As hypocritical as it sounds, I'm also a little turned off by the high concept nature of their stories. Where Cloud Atlas was capable of condensing its themes almost like a textbook with many, many indexes; I found myself feeling defeated by Sense8. Beyond its slow pacing, I found myself not entirely embracing the montages. Sure, some were impressively bold - such as one involving several explicit births. They were meant to become this overwhelming feeling about the value and preciousness of life. As much as I was enthused to find something that told and showed a story differently, I couldn't get around everything else within the narrative. The characters took six episodes (or: six hours) to actually get interesting, and even then they mostly worked because of the challenging visuals of transplanting its diverse cast into different scenarios; as relevant to the plot.
You see, The Wachowskis strike me more as high concept directors than great directors. By the end, people remember the "philosophy" of their work more than the actual story. Sure, they have cool visuals, but they often feel more like haphazard parables than plot driven stories. As it stands, Sense8 is among the most unique experiences I've had this year. It's also one that I've forgotten about almost entirely. It wasn't that great. Yet, I commend them for making a world with one of the most diverse casts in, well, anything this year. They are respectable in that they incorporate an equality motif to most of their work. My only hope is that they one day get back to making great stories that don't feel like excuses to get to the big wowzer visual. It's become overbearing to even want to watch their work, because that's what they feel reduced to. Even with Jupiter Ascending, it sounds like people are growing tired of their lack of skills as story tellers.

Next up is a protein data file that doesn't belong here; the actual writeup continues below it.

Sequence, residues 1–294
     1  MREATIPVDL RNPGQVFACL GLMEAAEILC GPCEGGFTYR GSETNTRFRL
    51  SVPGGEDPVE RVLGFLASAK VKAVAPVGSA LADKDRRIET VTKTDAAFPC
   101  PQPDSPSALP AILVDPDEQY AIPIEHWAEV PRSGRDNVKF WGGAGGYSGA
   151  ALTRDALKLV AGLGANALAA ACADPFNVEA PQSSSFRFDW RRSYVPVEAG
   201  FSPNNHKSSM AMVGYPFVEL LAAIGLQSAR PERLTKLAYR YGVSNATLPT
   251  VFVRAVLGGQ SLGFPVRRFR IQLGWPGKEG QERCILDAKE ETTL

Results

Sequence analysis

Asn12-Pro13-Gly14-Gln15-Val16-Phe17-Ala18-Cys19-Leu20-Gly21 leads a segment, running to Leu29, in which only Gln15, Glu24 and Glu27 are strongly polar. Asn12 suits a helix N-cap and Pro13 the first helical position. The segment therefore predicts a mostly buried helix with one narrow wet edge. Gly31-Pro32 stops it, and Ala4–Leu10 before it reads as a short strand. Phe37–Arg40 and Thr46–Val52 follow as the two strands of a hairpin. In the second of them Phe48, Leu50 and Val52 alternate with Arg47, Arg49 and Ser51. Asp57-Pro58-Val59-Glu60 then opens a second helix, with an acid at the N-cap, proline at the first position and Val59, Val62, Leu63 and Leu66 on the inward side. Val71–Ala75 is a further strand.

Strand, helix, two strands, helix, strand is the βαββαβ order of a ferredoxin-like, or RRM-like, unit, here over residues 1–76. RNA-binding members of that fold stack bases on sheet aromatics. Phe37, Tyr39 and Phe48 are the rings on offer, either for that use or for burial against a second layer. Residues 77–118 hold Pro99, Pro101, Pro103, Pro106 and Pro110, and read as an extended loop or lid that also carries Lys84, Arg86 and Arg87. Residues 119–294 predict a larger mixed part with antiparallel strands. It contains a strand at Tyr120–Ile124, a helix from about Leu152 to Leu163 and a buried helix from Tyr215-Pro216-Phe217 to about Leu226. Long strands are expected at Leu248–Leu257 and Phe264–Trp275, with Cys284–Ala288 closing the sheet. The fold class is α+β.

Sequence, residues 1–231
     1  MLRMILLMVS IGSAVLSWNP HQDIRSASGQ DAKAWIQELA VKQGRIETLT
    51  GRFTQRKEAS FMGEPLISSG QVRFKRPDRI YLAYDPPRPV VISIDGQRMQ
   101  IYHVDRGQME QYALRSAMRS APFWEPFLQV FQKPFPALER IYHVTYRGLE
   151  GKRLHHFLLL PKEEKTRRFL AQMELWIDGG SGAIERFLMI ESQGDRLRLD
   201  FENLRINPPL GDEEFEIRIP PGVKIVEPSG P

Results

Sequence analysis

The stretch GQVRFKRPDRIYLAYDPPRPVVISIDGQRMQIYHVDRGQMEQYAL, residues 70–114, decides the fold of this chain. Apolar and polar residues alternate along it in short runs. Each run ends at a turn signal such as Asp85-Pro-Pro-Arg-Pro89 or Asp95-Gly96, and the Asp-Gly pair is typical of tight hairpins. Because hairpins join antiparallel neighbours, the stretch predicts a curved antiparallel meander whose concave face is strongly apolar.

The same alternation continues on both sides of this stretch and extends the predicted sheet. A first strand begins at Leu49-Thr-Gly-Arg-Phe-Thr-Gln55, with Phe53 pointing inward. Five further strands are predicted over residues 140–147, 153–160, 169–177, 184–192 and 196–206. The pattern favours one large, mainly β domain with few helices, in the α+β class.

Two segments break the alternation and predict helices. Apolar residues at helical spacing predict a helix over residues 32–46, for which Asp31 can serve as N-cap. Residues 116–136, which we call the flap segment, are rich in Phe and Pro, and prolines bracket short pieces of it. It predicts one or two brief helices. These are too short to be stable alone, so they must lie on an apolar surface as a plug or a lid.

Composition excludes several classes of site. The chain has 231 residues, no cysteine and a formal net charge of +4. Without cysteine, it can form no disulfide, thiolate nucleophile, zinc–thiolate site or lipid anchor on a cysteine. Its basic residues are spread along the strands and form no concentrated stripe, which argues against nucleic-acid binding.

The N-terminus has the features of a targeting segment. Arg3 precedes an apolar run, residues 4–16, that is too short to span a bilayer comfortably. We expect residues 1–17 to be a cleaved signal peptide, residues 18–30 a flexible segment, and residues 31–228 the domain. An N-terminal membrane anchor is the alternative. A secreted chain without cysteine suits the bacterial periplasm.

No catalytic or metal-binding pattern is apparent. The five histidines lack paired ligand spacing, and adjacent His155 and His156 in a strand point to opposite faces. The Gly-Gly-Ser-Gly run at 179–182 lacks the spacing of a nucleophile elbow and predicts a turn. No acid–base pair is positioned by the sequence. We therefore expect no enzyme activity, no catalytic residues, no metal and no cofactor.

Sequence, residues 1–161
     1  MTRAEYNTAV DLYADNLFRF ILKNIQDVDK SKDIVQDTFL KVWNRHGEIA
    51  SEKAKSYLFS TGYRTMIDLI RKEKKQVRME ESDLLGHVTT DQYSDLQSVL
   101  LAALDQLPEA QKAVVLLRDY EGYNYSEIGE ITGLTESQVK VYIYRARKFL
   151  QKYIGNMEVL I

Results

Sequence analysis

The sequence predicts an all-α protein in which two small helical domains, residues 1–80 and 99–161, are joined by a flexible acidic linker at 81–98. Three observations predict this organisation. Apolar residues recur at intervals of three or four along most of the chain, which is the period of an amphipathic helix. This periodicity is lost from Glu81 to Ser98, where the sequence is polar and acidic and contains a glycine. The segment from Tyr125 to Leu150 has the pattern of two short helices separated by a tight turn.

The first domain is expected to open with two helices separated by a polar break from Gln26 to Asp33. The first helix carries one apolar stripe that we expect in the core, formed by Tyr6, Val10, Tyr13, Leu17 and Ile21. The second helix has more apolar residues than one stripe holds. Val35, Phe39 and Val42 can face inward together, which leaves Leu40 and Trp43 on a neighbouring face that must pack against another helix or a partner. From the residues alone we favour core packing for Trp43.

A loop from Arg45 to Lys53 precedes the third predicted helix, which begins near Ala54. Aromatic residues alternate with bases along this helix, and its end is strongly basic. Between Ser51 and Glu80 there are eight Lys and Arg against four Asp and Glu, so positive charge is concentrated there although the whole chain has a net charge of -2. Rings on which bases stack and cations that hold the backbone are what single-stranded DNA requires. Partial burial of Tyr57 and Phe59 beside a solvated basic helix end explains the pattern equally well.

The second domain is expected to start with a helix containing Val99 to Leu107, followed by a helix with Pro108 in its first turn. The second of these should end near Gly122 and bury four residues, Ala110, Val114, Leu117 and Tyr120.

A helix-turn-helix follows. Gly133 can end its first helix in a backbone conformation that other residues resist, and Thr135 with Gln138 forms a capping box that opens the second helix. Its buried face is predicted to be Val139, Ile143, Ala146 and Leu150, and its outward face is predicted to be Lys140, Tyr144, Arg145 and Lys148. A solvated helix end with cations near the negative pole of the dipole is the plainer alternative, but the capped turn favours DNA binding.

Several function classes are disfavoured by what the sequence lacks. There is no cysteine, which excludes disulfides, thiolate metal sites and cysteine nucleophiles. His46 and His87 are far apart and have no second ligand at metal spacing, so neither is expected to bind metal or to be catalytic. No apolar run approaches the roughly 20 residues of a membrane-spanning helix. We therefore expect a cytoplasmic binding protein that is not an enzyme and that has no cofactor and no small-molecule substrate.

|Scene from Bound|
I know that this all sounds harsh, but it's the one thing that's been hard for me to publicly admit with The Wachowskis. For all that they do right, I just don't think that they tell good stories. It's an odd move, considering that their most beloved non-Matrix movie is the one that they co-wrote, but didn't co-direct, called V for Vendetta. That film is arguably just as high concept as Cloud Atlas, but probably benefits from being a film outside of the sci-fi landscape. It could also just be that they had outside interference with a different director, and a rich source material from the usually creative and dark Moore. There's a lot of contradictions in how I feel about these two directors that makes it hard to admit that I generally don't love their work and mostly see it to support "challenging and progressive" cinema.
Frankly, I would personally love if they didn't make sci-fi for awhile. I think it would be best for them, because it would give them a chance to make something as compelling as V for Vendetta. Of course, I don't consider that one film a fluke. If you go to their debut with Bound, you'll see that they always had the ingenuity to do something off kilter. For instance, Bound is a 90's take on film noir in which the two leads play lesbians, which already turns the femme fatale concept on its head. It's a genre film, much like everything they've done since, but their characters are grounded in their stylized realism that it only adds to the brilliant subversion. It's an underrated film by general audiences, though is praised by LGBT cinema enthusiasts for its accurate depiction of lesbian romance and sex. If nothing else, it definitely proved that the directors could do something ambitious.
I would say that The Matrix ruined them, but that's to argue that what they made since wasn't good. There's a lot to like about their work. It's just that I don't think it's being handled in an interesting way. What I would love is if there was another Bound in their filmography. Maybe not film noir, but possibly tackle a grounded drama in which there's nothing supernatural going on. I think that it would cause them to stretch a little bit. Speaking as they have always had a compelling ideal, I just want to see them do their commentary in a more captivating manner that doesn't feel rooted in hard sci-fi. Maybe it's just that I don't care about the genre as much, but I do think that it's a deterrent at this point.
I hope that I don't come across as hating The Wachowskis. Even if I don't love most of their work, I do think that they're a valuable contribution to film and TV. What they're doing is more progressive and important than what most directors are doing. While I'm baffled as to how they always get big budgets after consistently losing money, I have to admit that it adds to the fun of watching them experiment within an otherwise incapable pallet. I like that there's people wanting to gamble on them. I like that they have shown me things that I have never seen before. I just wish that I was more interested in them from a story standpoint. Speaking as they've remained consistent to their vision over the years, I won't fault them if they never make that film that I think is great. I just wish that they would so that I can relish in that joy as much as everyone else does.